The Jack Stratton novels, by Christopher Greyson

It’s a rare treat to discover an author and a series of books I enjoy very much, and which I can recommend to our readers almost without reservation. But that’s the case with Christopher Greyson and his Jack Stratton novels.

Jack Stratton, the hero of the series, is a cop in a South Carolina town. He’s a good man, but wound tight. As a boy he was abandoned by his prostitute mother, but found refuge in a loving mixed race foster home before being adopted by a good family. As a young man he served in Iraq beside one of his foster brothers, Chandler. He saw Chandler die, and because of survivor’s guilt he hasn’t contacted his foster family since.

That’s until Replacement invades his life. “Replacement” is the nickname of a young woman who grew up in his old foster home, though after his time there. She shows up in his apartment and tells him Michelle, a foster sister to whom he was always close, has disappeared. She’d been studying in a local college, but supposedly transferred to a California school. Only she hasn’t gotten in touch with her family, and she wouldn’t do that.

With Replacement as his uninvited assistant, he starts looking into Michelle’s life, and discovers troubling things.

That’s the premise of Girl Jacked. After that story comes Jack Knifed, in which Jack and Replacement look for his birth mother and investigate the long-ago murder of his father. In Jacks Are Wild he looks for a former lover who has disappeared, and in Jack and the Giant Killer he and Replacement try to find the owner of a stray dog, only to turn up the trail of a serial killer.

Jack Stratton is a perfectly good action/detective hero, but it’s Replacement who makes the books special. She’s Jack’s perfect foil – bubbly and girlish where he’s grim and single-minded, optimistic where he’s pessimistic, and a moderating force when he gets obsessive. Their developing romance is one of the best things about the stories. The sexual tension between them is extremely high, and for a wonderful reason – they’re chaste with one another. Christians will question their living arrangements (they live in the same apartment, and often share the same bed, but do not have sex), but there’s genuine innocence here, which is refreshing in a modern story.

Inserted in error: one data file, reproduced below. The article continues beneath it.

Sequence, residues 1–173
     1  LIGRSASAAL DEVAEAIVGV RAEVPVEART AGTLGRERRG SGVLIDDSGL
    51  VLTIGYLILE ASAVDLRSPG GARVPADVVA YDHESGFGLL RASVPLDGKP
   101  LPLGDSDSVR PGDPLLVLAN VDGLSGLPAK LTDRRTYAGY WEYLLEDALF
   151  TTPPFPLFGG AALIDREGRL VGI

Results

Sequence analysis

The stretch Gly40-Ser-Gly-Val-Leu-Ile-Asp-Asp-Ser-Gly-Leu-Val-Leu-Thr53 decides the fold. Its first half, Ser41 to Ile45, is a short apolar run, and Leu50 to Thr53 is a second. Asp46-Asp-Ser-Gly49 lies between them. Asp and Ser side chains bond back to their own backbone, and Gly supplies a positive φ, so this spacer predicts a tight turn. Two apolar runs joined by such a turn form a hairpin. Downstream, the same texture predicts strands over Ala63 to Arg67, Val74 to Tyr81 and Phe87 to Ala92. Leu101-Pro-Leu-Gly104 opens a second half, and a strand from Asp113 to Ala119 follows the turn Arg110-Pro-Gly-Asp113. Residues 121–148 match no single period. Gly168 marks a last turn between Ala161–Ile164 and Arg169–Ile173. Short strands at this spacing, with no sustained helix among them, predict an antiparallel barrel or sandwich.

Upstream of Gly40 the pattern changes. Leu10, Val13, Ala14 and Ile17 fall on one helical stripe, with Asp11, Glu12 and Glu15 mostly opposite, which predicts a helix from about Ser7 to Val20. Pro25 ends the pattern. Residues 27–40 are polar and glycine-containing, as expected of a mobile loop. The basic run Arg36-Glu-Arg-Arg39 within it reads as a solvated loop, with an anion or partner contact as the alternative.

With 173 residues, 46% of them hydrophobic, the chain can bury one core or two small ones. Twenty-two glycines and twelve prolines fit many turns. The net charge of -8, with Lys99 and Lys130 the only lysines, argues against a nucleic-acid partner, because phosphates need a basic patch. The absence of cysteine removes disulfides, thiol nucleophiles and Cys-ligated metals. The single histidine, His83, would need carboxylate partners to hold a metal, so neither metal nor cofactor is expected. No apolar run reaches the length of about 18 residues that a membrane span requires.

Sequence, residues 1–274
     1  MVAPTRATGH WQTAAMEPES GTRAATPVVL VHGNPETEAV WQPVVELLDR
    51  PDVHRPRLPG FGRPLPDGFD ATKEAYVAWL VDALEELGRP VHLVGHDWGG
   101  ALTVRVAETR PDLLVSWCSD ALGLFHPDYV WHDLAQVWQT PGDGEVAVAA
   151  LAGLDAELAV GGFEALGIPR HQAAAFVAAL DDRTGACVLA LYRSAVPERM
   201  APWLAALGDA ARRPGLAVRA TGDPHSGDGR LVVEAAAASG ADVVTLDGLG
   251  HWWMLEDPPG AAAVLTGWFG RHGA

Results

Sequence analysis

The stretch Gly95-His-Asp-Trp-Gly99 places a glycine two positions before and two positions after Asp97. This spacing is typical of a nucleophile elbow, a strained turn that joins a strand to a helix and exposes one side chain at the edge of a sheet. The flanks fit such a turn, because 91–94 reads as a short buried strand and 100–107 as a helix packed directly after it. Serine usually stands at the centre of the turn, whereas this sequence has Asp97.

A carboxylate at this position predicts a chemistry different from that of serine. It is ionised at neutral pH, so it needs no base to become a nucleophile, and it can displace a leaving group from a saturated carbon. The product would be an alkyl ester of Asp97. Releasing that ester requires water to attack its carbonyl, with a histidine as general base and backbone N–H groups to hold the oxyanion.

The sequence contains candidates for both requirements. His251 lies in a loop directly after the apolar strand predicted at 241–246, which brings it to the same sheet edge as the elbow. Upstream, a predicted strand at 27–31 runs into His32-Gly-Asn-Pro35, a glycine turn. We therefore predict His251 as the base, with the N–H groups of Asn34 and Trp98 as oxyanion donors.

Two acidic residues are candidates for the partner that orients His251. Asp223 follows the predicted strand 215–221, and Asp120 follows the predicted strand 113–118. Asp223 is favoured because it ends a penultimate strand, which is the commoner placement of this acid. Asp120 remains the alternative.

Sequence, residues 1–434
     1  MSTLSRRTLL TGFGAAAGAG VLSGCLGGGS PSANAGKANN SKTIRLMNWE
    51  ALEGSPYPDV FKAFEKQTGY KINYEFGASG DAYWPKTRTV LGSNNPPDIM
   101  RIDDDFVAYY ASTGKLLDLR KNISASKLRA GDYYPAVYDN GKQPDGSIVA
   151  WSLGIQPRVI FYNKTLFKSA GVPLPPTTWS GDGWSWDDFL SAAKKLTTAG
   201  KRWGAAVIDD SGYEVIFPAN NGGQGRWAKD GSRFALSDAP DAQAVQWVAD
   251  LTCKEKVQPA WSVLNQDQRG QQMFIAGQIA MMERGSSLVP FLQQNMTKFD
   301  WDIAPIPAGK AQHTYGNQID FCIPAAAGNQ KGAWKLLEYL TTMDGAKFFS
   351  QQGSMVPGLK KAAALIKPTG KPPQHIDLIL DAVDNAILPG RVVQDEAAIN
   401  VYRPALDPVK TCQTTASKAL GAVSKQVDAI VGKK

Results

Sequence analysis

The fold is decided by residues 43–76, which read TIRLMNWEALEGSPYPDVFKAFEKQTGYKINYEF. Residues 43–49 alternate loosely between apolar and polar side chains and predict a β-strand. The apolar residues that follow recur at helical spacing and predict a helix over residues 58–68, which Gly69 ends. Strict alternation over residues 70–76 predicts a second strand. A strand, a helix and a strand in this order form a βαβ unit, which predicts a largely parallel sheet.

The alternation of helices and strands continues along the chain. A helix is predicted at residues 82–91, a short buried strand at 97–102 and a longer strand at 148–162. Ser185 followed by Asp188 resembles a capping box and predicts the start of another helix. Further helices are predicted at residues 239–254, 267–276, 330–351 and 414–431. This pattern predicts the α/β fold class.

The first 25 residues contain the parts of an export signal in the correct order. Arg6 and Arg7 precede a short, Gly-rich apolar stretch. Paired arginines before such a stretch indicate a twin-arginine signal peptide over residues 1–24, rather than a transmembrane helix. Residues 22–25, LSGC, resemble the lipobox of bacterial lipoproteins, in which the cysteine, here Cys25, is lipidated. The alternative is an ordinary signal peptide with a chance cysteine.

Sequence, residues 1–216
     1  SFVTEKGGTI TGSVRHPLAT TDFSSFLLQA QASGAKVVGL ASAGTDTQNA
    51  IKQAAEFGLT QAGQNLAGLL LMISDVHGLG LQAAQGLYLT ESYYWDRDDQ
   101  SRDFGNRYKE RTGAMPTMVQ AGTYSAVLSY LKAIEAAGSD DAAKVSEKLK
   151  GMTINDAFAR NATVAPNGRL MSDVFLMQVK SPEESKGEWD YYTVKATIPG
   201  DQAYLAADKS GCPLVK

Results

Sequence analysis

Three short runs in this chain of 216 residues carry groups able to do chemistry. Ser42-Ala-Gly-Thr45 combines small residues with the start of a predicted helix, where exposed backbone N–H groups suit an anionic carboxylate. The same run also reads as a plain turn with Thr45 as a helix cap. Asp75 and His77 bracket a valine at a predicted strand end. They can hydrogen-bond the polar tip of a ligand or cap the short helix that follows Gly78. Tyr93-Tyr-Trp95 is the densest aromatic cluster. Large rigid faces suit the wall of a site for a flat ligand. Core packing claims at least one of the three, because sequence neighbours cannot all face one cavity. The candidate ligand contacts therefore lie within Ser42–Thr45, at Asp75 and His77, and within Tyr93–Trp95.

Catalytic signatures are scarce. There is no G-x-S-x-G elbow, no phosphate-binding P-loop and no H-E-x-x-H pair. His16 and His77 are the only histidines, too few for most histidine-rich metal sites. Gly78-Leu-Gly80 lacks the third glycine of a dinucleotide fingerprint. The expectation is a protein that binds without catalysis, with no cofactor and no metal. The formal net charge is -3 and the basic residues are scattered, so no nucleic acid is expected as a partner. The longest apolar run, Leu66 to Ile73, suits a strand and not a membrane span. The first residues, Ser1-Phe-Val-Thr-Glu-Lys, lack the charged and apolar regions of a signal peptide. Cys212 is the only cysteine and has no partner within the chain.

As an added bonus, they both pray. Always before meals, and often when they’re making decisions. It’s not a preachy thing – it’s just treated as a normal part of life.

There are plot flaws – I thought the villains in Girl Jacked were kind of James Bond-ish and improbable. But the writing is good, the characters are excellent, the language is mild, and I enjoyed the stories from beginning to end. Another book is in the pipeline, I understand, and I’m awaiting it eagerly.

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